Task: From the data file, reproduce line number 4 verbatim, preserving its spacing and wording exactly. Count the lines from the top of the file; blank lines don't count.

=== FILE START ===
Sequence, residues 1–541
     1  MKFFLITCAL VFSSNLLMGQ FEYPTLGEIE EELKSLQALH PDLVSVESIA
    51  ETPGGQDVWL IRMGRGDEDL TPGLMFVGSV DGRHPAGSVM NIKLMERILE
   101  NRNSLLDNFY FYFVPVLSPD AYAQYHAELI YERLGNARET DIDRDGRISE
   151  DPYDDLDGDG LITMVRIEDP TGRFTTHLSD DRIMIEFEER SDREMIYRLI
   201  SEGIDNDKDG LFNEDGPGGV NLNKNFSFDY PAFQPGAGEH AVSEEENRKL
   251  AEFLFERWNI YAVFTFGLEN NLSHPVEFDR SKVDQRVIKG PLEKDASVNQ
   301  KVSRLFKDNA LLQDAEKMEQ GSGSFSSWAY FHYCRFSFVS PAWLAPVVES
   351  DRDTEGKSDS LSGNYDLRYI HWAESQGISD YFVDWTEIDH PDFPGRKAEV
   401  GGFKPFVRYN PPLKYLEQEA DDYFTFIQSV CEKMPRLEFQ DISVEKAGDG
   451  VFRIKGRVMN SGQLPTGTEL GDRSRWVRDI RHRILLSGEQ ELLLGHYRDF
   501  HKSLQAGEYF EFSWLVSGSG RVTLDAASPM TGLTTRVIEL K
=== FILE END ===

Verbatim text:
   101  NRNSLLDNFY FYFVPVLSPD AYAQYHAELI YERLGNARET DIDRDGRISE